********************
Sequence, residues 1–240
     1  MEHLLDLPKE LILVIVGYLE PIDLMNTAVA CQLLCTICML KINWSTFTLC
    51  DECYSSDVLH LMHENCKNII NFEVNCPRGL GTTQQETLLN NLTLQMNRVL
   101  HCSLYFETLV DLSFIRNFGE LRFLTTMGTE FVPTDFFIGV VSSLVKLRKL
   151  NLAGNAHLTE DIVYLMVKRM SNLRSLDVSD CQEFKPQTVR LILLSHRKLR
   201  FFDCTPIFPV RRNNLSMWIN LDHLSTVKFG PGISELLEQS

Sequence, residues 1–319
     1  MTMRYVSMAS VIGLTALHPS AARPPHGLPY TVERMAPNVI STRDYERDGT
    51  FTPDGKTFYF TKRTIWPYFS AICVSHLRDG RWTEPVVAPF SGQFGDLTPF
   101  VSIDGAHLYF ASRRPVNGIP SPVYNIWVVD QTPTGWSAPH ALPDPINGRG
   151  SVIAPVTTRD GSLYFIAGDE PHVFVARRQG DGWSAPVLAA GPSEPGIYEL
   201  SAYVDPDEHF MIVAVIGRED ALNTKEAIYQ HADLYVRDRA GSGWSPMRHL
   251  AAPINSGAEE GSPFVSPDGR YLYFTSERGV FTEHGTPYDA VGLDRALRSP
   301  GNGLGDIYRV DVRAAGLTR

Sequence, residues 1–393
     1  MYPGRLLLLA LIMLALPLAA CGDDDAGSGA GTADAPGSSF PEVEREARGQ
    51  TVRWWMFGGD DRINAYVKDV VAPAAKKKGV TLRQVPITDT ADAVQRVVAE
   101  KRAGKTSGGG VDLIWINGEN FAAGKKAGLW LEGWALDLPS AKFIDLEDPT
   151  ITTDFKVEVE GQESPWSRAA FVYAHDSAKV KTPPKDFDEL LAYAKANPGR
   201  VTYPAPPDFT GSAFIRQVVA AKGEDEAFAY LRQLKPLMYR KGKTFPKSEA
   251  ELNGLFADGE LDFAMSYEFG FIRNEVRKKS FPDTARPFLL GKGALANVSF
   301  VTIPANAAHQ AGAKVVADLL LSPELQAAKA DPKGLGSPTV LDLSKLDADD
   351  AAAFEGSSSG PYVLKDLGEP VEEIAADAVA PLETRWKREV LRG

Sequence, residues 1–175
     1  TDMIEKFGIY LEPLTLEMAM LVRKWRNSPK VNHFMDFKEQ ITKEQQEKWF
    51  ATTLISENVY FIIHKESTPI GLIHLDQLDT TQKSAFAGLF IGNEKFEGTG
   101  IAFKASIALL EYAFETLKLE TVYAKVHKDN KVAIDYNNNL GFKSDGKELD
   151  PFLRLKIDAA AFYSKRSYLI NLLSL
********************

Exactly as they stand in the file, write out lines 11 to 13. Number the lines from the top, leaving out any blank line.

   151  SVIAPVTTRD GSLYFIAGDE PHVFVARRQG DGWSAPVLAA GPSEPGIYEL
   201  SAYVDPDEHF MIVAVIGRED ALNTKEAIYQ HADLYVRDRA GSGWSPMRHL
   251  AAPINSGAEE GSPFVSPDGR YLYFTSERGV FTEHGTPYDA VGLDRALRSP